The Marshall–Lerner condition (after Alfred Marshall and Abba P. Lerner) refers to the condition that an exchange rate devaluation or depreciation will only cause a balance of trade improvement if the absolute sum of the long run export and import demand elasticities is equal to, or greater than 1 . In intuitive terms, if the domestic currency devalues (i.e. the cost of foreign goods increases relative to the cost of domestic goods), there will be a positive quantity effect on the balance of trade, because domestic consumers will buy fewer imports and foreign consumers will buy more of our exports; but offsetting this is a negative cost effect on the balance of trade, since the cost of imports will be higher. Whether the net effect on the trade balance is positive or negative depends on whether or not the quantity effect outweighs the cost effect; if the quantity effect is greater, then it is said that the Marshall–Lerner condition is met. Essentially, the Marshall–Lerner condition is an extension of Marshall's theory of the price elasticity of demand to foreign trade.
Formally, the condition states that, for a currency devaluation to have a positive impact on trade balance, the sum of price elasticity of exports and imports (in absolute value) must be greater than 1. The net effect on the trade balance will depend on price elasticities. If goods exported are elastic to price, their quantity demanded will increase proportionately more than the decrease in price, and total export revenue will increase. Similarly, if goods imported are elastic, total import expenditure will decrease. Both will improve the trade balance.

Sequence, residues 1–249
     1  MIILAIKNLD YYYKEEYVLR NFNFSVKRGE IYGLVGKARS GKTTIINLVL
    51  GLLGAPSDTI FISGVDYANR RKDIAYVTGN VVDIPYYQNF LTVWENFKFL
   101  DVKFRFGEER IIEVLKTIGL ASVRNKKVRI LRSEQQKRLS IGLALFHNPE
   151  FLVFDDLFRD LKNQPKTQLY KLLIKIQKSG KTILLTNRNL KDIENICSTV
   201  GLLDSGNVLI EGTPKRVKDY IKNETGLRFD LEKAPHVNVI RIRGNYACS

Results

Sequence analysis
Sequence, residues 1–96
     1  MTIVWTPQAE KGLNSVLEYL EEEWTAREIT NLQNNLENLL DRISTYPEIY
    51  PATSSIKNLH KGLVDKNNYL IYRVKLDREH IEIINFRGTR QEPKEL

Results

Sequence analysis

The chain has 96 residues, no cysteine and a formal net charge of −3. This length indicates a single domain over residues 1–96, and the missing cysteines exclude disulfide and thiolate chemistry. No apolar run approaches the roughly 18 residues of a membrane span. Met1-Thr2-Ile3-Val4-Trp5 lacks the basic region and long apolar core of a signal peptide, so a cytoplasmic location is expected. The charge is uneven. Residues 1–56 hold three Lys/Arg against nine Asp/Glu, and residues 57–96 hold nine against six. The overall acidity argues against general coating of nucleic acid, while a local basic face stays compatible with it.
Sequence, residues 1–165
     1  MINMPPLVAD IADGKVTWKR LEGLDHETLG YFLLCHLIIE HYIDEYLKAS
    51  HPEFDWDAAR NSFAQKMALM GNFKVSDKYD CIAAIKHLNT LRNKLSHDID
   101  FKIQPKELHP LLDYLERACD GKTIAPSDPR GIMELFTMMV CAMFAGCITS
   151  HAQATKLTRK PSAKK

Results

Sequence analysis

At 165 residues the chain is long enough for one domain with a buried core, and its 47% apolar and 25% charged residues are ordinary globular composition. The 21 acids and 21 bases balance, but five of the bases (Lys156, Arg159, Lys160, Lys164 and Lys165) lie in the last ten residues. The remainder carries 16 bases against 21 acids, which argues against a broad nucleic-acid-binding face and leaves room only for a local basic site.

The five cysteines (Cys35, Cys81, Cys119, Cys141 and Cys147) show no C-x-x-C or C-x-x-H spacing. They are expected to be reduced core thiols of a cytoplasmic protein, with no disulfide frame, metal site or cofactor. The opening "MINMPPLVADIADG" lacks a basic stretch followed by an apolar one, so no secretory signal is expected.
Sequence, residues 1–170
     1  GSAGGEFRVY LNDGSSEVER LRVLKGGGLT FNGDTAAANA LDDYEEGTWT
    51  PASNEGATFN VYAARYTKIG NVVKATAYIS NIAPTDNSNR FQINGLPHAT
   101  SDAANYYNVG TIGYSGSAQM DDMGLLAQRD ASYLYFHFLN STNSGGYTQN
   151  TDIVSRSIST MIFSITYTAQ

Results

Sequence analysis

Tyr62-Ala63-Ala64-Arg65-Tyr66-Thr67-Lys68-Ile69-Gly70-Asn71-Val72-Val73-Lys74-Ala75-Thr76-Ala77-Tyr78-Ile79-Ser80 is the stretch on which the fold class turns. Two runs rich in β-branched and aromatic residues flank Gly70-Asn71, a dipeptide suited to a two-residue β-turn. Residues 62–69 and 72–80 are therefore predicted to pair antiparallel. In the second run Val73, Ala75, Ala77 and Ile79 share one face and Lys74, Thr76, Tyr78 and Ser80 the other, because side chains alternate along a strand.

Empirically, it has been found that trade in goods tends to be inelastic in the short term, as it takes time to change consuming patterns and trade contracts. Thus, the Marshall–Lerner condition is not met, and a devaluation is likely to worsen the trade balance initially. In the long term, consumers will adjust to the new prices, and trade balance will improve. This effect is called the J-curve effect. For example, assume a country is a net importer of oil and a net producer of ships. Initially, the devaluation immediately increases the price of oil, and as consumption patterns remain the same in the short term, an increased sum is spent on imported oil, worsening the deficit on the import side. Meanwhile, it takes some time for the shipbuilder's sales department to exploit the lower price and secure new contracts. Only the funds acquired from previously agreed contracts, now devalued by the currency devaluation, are immediately available, again worsening the deficit on the export side.
Here is defined as the price of one unit of foreign currency in terms of the domestic currency.
Using this definition, the trade balance denominated in domestic currency (with domestic and foreign prices normalized to one) is given by:
where X denotes exports, and Q imports.
Differentiating with respect to e gives:
Dividing through by X:
At equilibrium, . Therefore:
Multiplying through by e:
Which can be expressed as
where and are common notation for the elasticity of exports and imports with respect to the exchange rate respectively.
In order for a fall in the relative value of a country's currency (i.e. a rise in e using the above definition) to have a positive effect on that country's trade balance, the left hand side of the equation must be positive (i.e. for a rise in e to cause a rise in )
Which can be written as: